• The mistake was instead compounded on beam, where she fell on that damn barani
  • THAT DAMN BARANI, you guys
  • That damn barani
  • Backstory if you haven’t been here for the last three years: I fully believe that Simone could do pretty much any acro skill in the CoP, so I’ve never understood why Chest Down Charlie is the one they go with. It always looks like a center-of-gravity disaster waiting to happen
  • You know that thing where it’s the second semester of senior year and you phone in a trash paper in 30 seconds and still get an A for it and you’re like, “Oh, sweetie, no. It wasn’t”? That’s how I imagine Simone feels about today
  • Anyway, the other two events were fine (an OOB but whatever), so Simone won the world title by about 1.7, proving that the current answer to the “How many times could Simone fall…?” question is “almost four.”
  • But should you be able to fall twice and still win the world AA title?
  • ……No?
  • Simone finished 13th in this final on execution score, so the win was almost entirely based on her difficulty
  • Difficulty must be taken into account and rewarded of course, but it shouldn’t be so significant that it completely outweighs hitting routines—just like anyone who falls on vault shouldn’t be able to medal in the vault final because…you didn’t successfully do the thing you’re getting a medal for
  • So when Simone wins gold for a meet like this, it feels like she’s getting a medal for what she’s capable of doing, rather than what she did on the day
  • At the same time, she really is that much better than the rest of the field so that a missed barani doesn’t suddenly render her worse than the other competitors or render the rest of her excellent beam skills irrelevant, and that’s exactly what this code of points rewards
  • So it’s not that Simone doesn’t DESERVE gold among the rest of this field—she does because of her superior ability. Any other competitor in the field ALSO would have fallen if they attempted that vault, and if the goal of a competition is to find the best gymnast and rank her first, you found the best gymnast and ranked her first
  • But, a sport that rewards capability and potential over the actual performance on the day will fall flat as a viewing experience
  • Simone can crash 80 billion times and still win…so does it even matter? Why even have the competition? We already know what’s going to happen before it starts
  • Thankfully for this particular meet’s sake, we had an insanely close fight for the remaining places among Murakami, Hurd, Derwael, Melnikova, and De Jesus Dos Santos that spiced things up and reinvigorated the inevitable
  • Going into the final rotation, this peloton truly could have ended in any order
  • Even after the final rotation, they still could have ended in any order with less than two tenths separating them all. Eight different sets of judges using the same code of points would have had them in eight different orders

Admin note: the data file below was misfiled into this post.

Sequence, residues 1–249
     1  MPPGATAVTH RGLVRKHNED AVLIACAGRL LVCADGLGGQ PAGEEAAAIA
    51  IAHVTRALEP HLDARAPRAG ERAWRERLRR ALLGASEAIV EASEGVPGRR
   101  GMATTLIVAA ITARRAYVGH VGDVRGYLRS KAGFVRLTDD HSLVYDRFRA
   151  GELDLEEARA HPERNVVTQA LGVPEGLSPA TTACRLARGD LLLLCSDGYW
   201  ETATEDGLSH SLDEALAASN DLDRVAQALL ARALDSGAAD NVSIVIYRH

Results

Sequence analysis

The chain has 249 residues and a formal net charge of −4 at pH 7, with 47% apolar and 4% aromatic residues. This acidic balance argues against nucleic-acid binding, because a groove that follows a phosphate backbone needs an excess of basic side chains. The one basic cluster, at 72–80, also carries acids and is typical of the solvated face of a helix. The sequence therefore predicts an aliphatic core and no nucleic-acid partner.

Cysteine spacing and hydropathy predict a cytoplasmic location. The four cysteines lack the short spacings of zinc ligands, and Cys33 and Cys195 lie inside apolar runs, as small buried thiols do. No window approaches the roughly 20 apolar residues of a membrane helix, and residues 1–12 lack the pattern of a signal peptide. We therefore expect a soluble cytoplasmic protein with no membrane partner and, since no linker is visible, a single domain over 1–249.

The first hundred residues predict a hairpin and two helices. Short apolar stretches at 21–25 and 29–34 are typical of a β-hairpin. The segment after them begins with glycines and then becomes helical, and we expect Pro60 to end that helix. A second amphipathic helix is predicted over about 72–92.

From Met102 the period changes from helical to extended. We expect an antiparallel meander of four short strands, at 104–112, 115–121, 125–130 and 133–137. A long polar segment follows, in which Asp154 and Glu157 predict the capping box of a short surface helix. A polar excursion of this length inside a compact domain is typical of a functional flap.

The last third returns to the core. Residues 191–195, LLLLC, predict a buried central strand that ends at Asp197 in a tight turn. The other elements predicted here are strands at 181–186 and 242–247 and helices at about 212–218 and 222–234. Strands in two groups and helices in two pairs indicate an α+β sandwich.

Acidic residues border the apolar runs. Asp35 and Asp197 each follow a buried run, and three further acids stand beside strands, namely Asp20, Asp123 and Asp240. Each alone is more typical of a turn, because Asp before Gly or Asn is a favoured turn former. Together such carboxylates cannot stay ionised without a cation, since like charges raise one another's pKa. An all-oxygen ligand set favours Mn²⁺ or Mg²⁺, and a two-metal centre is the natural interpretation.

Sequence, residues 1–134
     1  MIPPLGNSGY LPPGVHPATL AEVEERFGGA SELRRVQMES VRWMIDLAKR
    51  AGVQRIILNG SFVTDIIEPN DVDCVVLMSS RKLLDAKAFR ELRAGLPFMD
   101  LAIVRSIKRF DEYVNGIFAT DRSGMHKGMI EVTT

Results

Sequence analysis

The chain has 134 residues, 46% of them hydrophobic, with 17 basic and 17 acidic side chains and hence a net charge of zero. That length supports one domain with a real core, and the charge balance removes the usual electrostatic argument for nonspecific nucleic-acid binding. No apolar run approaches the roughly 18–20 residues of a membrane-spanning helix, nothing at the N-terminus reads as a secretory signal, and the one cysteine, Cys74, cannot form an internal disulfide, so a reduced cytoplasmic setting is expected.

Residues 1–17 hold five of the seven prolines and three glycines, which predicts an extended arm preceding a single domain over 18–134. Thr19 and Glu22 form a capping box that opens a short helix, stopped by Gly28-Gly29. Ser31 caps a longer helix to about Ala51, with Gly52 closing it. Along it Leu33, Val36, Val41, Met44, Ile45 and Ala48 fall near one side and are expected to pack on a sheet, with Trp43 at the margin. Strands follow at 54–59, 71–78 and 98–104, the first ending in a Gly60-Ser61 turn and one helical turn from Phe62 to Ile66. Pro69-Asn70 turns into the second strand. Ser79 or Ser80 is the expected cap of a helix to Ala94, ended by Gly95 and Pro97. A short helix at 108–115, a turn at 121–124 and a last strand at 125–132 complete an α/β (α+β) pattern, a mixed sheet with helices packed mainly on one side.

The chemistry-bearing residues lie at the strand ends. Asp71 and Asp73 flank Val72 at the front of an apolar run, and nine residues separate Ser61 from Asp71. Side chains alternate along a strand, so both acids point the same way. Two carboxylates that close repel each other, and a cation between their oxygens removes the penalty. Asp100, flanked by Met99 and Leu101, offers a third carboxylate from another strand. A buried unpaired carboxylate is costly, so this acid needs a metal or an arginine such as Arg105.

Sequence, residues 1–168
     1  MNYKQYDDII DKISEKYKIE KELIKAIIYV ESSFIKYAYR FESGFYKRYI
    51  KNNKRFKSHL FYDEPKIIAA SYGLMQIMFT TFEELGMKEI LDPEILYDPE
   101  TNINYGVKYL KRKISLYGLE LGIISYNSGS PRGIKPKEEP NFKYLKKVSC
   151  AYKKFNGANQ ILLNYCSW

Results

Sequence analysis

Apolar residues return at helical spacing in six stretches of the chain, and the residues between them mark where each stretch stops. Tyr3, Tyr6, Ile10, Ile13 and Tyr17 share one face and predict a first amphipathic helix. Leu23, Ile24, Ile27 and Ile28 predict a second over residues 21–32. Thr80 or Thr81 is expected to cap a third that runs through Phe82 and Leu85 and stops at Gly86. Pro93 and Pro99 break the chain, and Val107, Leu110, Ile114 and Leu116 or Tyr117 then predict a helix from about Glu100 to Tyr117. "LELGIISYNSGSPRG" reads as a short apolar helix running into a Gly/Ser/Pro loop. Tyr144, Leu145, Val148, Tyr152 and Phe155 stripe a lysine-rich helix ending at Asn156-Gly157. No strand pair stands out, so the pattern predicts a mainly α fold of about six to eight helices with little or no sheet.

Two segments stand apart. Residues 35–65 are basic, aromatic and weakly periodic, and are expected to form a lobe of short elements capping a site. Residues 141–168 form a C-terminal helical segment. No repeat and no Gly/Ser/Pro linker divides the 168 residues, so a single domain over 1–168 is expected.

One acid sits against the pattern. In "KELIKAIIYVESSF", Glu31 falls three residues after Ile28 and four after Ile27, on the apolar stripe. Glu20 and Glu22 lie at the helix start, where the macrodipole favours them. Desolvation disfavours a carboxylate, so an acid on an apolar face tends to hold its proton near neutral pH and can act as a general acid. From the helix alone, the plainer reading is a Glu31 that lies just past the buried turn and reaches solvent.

• None fell, but for almost all of them, the ultimate standings came down to the severity of the medium-sized mistakes that they did make
  • For Hurd, it was grabbing the beam on her side aerial—the most significant issue for any of them and enough to undercut the execution advantage she was accumulating on the other pristine events
  • Murakami had smaller mistakes, falling out of a turn on floor and the general amplitude and handstand issues on bars, which allowed her just barely to overcome Hurd’s 0.3 D-score advantage and take the silver, knocking Hurd to bronze
  • De Jesus Dos Santos had the D-score edge among the group, but she was never quite able to get out from under a 13.500 on bars for an arched handstand, which took her down to 6th place
  • Melnikova continued showing us that she is now the princess of consistency and a deserving winner of the Longines Prize for Most Ladylike Cotillion or whatever, but with some real landing problems on floor and a lunge and three hops on vault (which should have added up to 0.6 off just for landing steps), she dropped down to 5th
  • That brings us to Nina Derwael. Nina doesn’t fit into the same tale as the rest of this group. She had no medium-sized mistakes. Derwael performed an intensely clean competition, allowing her to win the E score crown by more than 6 tenths over Murakami
  • It was simply a lack of equivalent difficulty that put Derwael into 4th. Her floor and vault D scores are miles behind the rest of the lead challengers, so while her execution nearly overcame that, it wasn’t quite enough
  • It’s the exact opposite of Simone’s situation today and illustrates the observe side of this tenuous balance between difficulty and execution. You want a CoP to reward both execution and difficulty, but which one more? (*cough* execution *cough*) And how much lack of difficulty should execution be able to overcome?
  • In this CoP, Derwael’s huge bars difficulty is able to make up for lower difficulty on one of those two lower-D events, but not both
  • That’s why I’m not too outraged about Derwael in 4th. She was absolutely rewarded for her execution (I mean, she finished FOURTH…for BELGIUM), but her VT/FX difficulty isn’t really up to the standard for a world AA medalist in the current age. And that should matter some
  • Chen Yile hit a complete four events (even beam) and took 7th, which must be gratifying after the competition she had on beam to this point
  • Flavia Saraiva was being perfect on beam and then fell on a layout stepout to take 8th. *swallow me whole, sweet lava lake*
  • Ellie Black is the one medal contender who didn’t end up neck-and-neck with the others at the end after falling on bars in the second rotation. Or so we’re told. The Ellie Black cam was not in effect in this meet.
  • I feel like the whole mood of today’s competition can be summed up by “Ellie Black fell”
  • Actually, no, it can be summed by “Brooklyn Moors finished last”
  • If Brooklyn Moors is last, I don’t want to be first

Because gymnastics is a comedy, not a drama